OCT. 3-5 OLYMPIA
THE WASHINGTON NEWSPAPER Vol. 98, No. 10 October 2013
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Journal of the Washington Newspaper Publishers Association and Allied Daily Newspapers of Washington • www.wnpa.com
Exciting items up for auction We
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soundpublishing.com or (425) 339-3007, or Mae Waldron, email@example.com or (206 ) 634-3838 ext 2. If you plan to bid on these items and you’re not yet regis-
tered for WNPA’s convention or the Better Newspaper Contest Awards dinner, contact Waldron to arrange late registration. The bidding starts Oct. 3 and closes at 6 p.m. Oct. 4, at the opening of the awards dinner at the Red Lion Hotel, Olympia. Proceeds support journalism internships, including scholarships for students or educators who intern at WNPAmember newspapers and for the University of Washington’s legislative reporting interns in Olympia.
Lori Maxim, Vice President of West Sound Operations, respectively. Both are with Sound Publishing Inc. Jana Stoner, Bill Forhan publisher of the Northern Kittitas County Tribune, will serve a second year as WNPA Past President. The officers’ reinstallation is set for noon Oct. 4, at WNPA’s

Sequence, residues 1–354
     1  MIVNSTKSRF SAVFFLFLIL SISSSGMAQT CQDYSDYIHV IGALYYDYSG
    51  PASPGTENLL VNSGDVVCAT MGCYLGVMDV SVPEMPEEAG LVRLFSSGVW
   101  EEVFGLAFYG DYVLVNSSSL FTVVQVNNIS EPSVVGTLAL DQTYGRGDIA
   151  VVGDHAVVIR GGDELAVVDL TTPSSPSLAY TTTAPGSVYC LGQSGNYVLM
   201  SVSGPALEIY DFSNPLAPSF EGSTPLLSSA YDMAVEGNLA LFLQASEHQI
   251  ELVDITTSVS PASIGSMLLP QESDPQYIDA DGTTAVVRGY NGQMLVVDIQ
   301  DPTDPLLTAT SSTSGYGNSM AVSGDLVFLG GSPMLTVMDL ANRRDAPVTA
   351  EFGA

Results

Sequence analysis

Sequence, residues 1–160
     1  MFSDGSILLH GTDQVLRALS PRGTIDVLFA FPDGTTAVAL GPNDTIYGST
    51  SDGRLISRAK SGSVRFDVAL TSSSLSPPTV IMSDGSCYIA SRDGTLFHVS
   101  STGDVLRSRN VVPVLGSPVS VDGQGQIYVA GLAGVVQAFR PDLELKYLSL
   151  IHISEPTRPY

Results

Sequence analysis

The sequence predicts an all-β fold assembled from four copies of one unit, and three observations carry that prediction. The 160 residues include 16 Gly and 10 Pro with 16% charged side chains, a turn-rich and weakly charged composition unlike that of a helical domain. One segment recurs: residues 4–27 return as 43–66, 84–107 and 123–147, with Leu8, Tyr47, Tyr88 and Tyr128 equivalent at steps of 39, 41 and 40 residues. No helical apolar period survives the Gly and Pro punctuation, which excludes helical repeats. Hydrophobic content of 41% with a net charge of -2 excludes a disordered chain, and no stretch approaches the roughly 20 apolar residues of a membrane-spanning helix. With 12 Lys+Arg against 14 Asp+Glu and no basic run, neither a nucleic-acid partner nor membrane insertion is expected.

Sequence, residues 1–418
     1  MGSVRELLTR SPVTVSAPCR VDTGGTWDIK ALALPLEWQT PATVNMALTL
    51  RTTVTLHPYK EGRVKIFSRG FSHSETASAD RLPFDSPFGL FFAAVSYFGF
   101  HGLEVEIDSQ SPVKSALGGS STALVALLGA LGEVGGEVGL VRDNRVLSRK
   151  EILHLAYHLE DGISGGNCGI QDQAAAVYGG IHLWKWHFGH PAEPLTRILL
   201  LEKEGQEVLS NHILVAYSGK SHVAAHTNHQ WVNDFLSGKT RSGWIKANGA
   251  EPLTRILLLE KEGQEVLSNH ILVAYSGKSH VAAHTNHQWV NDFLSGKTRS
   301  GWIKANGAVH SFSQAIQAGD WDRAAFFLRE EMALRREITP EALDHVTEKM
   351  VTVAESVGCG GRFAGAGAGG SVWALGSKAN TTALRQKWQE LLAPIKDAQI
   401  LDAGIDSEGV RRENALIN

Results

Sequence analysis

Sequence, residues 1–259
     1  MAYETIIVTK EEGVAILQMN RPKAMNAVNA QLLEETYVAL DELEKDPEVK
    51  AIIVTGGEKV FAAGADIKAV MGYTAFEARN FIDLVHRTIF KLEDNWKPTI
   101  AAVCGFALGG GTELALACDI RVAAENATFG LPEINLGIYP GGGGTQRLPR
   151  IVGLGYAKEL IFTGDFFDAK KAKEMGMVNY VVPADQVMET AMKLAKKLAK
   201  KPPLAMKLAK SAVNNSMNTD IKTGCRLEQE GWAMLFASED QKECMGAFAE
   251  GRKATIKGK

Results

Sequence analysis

126th Annual Convention in Olympia. As of late last month, convention registrations indicated a well-balanced group of sessions, with registration counts for Kelly Wirges’ Friday sessions for advertising staffs just ahead of two panels, “Tribal Nations and the Media” and “Ethics and Conflicts.” If you’ve not yet registered, contact Mae Waldron, firstname.lastname@example.org or (206) 6343838 ext. 2.
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WNPA officers’ terms of service revised
DONATIONS SO FAR
he 2012-13 officers of Washington Newspaper Publishers Association will serve in their current roles for another year. The change was announced in midSeptember. In 2009-10 and 2010-11, the same pattern occurred, with officers serving two years in their positions. Continuing as president is Bill Forhan of NCW Media, Leavenworth. In first and second vice-presidential roles are Keven Graves of Whidbey News Group and
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Proceeds to pay for scholarships and capitol internships